Gold and other precious metals rallied earlier this week as expectations of the release of disappointing U.S. payroll data discouraged hopeful investors of a stronger economic recovery. The trend reversed on Thursday, however, when gold plummeted nearly $50/oz. A shift in the general attitude toward the European recovery effort and relative strength in U.S. Treasury markets spurred the decline.
The European Central Bank announced Wednesday that some European financial institutions asked for less money than they are due to repay. This defied the predictions of many market analysts, and signaled to spectators worldwide that the European debt situation is perhaps not as dire as originally thought. As a result, the Euro climbed 2% Thursday amidst declining dollar and precious metals markets.
Perhaps not surprisingly, U.S. Treasury markets – the long-standing “benchmark” of security – experienced an upswing in attention this week as U.S. equities took a turn for the worse Tuesday. Renewed concerns about global growth fueled the 2.6%, 3.1%, and 3.8% declines in the Dow Jones, S&P 500, and Nasdaq indices respectively. The yield differential between the two markets now averages its widest margin in nine years.
In expectation of future Euro gains and renewed interest in U.S. Treasury markets, precious metals took a bit of a hit this week.
• Gold: After maintaining relatively high price levels earlier in the week, a combination of profit-taking and capital reallocation caused a marked decline on Thursday of over $50/oz. Gold closed below $1,200 after floor trading ended Thursday. Analysts are not abandoning hope for a $1,300 ounce this year, however, as this setback is considered by most to be temporary, and a function of short-term, ancillary interest in other markets.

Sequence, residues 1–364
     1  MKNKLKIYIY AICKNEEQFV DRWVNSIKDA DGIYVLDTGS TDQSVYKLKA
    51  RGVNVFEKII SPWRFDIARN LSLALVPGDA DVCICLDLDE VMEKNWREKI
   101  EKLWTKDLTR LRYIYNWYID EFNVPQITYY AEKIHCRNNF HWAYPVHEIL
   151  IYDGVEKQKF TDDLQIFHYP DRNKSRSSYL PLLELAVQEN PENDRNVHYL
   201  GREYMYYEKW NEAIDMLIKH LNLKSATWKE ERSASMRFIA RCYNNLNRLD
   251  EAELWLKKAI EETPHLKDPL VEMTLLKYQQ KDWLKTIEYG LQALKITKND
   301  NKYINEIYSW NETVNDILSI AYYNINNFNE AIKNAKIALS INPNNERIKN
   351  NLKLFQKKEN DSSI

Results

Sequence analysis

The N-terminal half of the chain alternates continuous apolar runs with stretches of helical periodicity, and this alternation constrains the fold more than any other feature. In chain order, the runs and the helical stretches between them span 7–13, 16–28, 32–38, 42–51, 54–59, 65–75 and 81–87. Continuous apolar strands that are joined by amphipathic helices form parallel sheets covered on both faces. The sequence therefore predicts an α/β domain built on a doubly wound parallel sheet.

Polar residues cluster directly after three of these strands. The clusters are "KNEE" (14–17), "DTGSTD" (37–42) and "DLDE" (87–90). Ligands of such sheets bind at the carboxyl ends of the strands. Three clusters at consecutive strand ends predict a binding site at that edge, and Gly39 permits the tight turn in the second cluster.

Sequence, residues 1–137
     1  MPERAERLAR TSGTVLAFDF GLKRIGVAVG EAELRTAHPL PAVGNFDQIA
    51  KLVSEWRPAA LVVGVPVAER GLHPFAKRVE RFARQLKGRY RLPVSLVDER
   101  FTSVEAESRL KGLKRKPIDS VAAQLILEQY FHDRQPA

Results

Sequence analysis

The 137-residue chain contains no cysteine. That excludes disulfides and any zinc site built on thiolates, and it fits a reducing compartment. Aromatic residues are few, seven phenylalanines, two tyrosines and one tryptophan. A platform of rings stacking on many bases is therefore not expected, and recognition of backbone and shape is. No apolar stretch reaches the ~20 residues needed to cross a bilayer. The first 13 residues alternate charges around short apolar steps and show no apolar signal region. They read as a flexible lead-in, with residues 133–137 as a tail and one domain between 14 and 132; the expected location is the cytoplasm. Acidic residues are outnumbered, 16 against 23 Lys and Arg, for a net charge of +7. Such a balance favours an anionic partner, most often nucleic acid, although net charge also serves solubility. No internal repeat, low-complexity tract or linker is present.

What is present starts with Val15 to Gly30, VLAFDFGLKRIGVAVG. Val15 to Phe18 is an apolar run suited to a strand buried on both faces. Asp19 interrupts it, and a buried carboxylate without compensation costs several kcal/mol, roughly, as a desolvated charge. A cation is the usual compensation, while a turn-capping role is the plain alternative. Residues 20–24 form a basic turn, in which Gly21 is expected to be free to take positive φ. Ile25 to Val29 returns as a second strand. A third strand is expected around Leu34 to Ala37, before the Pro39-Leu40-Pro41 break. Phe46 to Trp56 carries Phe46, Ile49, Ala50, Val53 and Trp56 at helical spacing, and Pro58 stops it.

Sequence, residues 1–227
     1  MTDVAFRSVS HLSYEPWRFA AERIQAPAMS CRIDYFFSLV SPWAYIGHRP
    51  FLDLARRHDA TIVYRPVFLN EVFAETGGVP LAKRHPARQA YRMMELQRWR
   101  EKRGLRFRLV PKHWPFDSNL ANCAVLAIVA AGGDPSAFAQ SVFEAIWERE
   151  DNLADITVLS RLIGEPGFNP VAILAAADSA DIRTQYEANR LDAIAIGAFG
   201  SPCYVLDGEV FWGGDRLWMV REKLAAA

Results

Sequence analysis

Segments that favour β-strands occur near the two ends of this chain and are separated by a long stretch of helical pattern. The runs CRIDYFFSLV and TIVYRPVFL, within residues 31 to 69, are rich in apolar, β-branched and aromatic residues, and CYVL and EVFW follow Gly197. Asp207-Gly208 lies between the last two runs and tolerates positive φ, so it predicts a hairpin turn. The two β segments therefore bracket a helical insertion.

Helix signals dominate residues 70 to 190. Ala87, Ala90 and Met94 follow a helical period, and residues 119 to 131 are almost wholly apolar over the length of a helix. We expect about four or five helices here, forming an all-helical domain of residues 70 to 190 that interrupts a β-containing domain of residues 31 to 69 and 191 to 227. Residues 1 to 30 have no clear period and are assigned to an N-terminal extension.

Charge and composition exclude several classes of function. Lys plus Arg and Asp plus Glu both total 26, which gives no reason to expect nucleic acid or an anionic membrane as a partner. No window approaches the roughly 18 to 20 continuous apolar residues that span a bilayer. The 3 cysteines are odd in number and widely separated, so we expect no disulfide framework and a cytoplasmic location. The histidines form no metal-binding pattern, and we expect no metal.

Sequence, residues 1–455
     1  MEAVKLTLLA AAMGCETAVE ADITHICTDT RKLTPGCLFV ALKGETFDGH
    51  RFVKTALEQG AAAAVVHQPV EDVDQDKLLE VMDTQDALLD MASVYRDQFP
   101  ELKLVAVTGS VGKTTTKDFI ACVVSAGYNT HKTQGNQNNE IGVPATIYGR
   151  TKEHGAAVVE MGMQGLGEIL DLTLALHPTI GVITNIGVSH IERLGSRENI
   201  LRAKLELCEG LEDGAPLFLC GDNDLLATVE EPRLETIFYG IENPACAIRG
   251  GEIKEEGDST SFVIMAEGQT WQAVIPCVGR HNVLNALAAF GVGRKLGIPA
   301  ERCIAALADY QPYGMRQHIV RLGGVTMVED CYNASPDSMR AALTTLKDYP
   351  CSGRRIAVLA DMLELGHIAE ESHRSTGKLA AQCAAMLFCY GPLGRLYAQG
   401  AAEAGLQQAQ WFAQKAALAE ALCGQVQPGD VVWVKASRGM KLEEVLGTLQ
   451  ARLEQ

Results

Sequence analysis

• Silver: Silver dropped nearly $2/oz. Thursday when compared to last week’s high of $19.50, marking the biggest intraday decline since May 4. The decline was due mainly to the capital reallocation which plagued gold. Investors not as confident in precious metals as others pulled funds out of silver bullion, valuing gold over silver as a precious metals position.
• Palladium & Platinum: Palladium and Platinum took respective 3.5% and 2% hits Thursday. The metals, when not buoyed by industrial or jewelry demand, traditionally have much lower elasticities of demand when compared to silver and gold. This was apparent late this week when both hit lows not seen in nearly a month.
The short-term future of precious metals depends largely on the direction of European recovery efforts and U.S. indices. As long as there is uncertainty as to the safety of fiat currency-denominated assets, there will be demand for a relatively safer investment. Whether that investment is precious metals depends on how competing investments are performing.